By Emily Claire Schmitt; Directed by Ria T. DiLullo
Produced by Skeleton Rep
Off Off Broadway, Play
Ran through 5.8.16
The Secret Theatre, 4402 23rd Street, Long Island City
by Sarah Weber on 5.10.16
Miranda Poett and Claire Buckingham in Watchamacallit: A Play About Jesus.
BOTTOM LINE: The school mystic predicts the school skeptic will be the next Virgin Mary, beginning a farcical rabbit-hole of miracles that no one’s prepared for.
Considering how religion is such a touchy subject for most people, it’s easy to forget one can have a sense of humor about it. Emily Claire Schmitt’s Watchamacallit: A Play About Jesus isn’t so much self-deprecating as it is a self-reflection of things both astonishing and ridiculous about faith.
Set in a Catholic school, we meet Vanessa (Miranda Poett), a snarky teenager with an insatiable itch to leave home. Specifically, she fantasizes about studying physics at MIT, where professors will challenge her to think critically rather than blindly accept nonsense. She feels like an outsider in her own hometown—even her best friend Margie (Hannah Jane Ginsberg) doesn’t quite get her—and her feeling of isolation only worsens when her grandmother dies. While grappling with her personal woes, rival student and aspiring mystic Abigail (Elizabeth Scopel) predicts Vanessa will become pregnant with God’s child. Convinced Abigail’s just trying to get under her skin, Vanessa loses her cool and punches Abigail, landing herself in detention with Sister Florence (Regina Strayhorn), an old nun obsessively consumed with tending her carrot patch.
Over the course of this story Vanessa learns a great deal about herself, her loved ones and life’s miracles. Sister Florence helps her friend Trudy (Clair Buckingham), a feminist and activist with an all-consuming fear of conspiracies, smuggle condoms to Africa. Abigail’s prophesies may not fall too far from the truth—Vanessa’s never had sex yet she passes a pregnancy test. (Is this in fact God’s child? Or did something happen during her drunken stupor at “the party”?) And it turns out Vanessa’s grandmother and Florence were lovers in their youth.
Watchamacallit not only calls into question the absurdity of ancient traditions, but how an old faith can have modern applications. A closeted lesbian who smuggles condoms is by no means the typically ideal nun; later in the play Sister Florence empathizes with Vanessa when she wants an abortion, arguing that even God asked the Virgin Mary for permission first. Vanessa never asked for these miracles—she wanted religion to leave her alone entirely.
Ria T. DiLullo’s direction blends the play’s quirky relationship between the realistic and fantastical. The set’s main centerpiece is a cartoonish crucifix on the back wall. One of Abigail’s (many) strange habits is before she can deliver God’s message she must be both elevated and facing this crucifix no matter where she is on stage. A character who takes herself too seriously throwing herself at a crucifix devoid of seriousness makes for some hilariously smart moments.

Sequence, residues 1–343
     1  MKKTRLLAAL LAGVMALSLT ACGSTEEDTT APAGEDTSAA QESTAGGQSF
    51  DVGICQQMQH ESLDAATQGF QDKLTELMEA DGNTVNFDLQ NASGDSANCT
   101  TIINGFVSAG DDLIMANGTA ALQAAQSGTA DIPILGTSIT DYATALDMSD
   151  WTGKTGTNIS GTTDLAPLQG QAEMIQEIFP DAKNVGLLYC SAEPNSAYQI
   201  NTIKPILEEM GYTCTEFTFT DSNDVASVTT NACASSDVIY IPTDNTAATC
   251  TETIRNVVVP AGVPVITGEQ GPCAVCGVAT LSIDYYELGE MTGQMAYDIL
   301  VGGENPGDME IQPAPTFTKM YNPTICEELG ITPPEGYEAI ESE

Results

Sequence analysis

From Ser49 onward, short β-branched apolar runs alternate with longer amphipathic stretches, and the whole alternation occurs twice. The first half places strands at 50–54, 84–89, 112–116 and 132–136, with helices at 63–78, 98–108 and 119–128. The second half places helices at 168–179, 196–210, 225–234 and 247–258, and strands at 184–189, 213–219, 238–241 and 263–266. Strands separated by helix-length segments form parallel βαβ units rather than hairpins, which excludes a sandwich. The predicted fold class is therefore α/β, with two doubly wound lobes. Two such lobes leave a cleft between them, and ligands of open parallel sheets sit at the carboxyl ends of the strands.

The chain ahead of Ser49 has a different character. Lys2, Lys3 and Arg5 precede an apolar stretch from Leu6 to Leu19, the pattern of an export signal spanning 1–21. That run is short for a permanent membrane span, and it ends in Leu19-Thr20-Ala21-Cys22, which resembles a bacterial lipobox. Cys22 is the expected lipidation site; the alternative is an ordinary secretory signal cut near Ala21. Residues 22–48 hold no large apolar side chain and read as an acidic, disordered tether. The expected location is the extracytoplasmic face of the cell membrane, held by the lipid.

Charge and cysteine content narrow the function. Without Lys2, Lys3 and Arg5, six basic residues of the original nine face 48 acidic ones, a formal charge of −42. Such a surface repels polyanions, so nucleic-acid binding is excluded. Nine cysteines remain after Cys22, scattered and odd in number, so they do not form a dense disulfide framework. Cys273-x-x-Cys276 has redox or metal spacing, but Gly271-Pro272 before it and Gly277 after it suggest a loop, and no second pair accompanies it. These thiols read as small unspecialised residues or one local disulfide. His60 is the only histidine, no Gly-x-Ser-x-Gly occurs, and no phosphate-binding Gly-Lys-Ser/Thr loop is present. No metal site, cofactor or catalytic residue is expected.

The chemistry between Poett and Strayhorn perfectly portrays their characters’ odd yet sweet friendship. The scenes where Vanessa serves her detentions helping Florence in the garden are some of the most touching. One of the many stellar performances in this production is Buckingham’s as Trudy. At no point does her high-stakes energy waver, fitting for a character spilling with over dramatics. Schmitt’s humor already shines through the text, and Buckingham’s priceless reactions to every tiny detail puts the audience over the edge with laughter.
All of Schmitt’s characters offer multi-dimensional perspectives to the story, but Schmitt allows the questions she raises to only go so far. Watchamacallit navigates very serious questions and arguments which only last moments before being pushed aside or used for more laughs. I assume one of the play’s goals is to address the fact that many of the problems surrounding religion have no obvious solutions; Catholicism is abundant with contradictions that many followers struggle with. With that said, there is a fine line between a play that is open-ended and one that is indecisive. Vanessa’s pregnancy opens intense arguments about consent—consent to sex, consent to religious practice, consent to birthing a surprise baby Jesus—however, before Schmitt can dive into the full complexities of these issues the dialogue quickly turns to a joke or funny plot twist. There are fascinating kernels in Schmitt’s text, and I wish she’d wrestle with them a little more.
Otherwise, Waatchamacallit will induce laughter for any audience. Religion is a touchy subject, and Schmitt has found an approachable way to encourage people to laugh about their own relationships with faith.
(Whatchamacallit: A Play About Jesus played at The Secret Theatre at 4402 23rd Street, Long Island City, through May 8, 2016. Tickets were $10 and are available at brownpapertickets.com)
Whatchamacallit is written by Emily Claire Schmitt. Directed by Ria T. DiLulo. Scenic and Light Design by Jonathan Cottle. Costume Design by Matsy Stinson. Costume Assistant is Adrianna Covone. Sound Design by Robert Gonyo. Fight Choreography by Rebecca Brinkley. Stage Manager is Katie Chew. The assistant Director is Miles Mandwelle.
The cast is Miranda Poett, Regina Strayhorn, Elizabeth Scopel, Hannah Jane Ginsberg, Claire Buckingham, Miranda Stevens, Courtney McClellan, Natalie McDonald, Charlotte Pines, Jasmine Stiefel.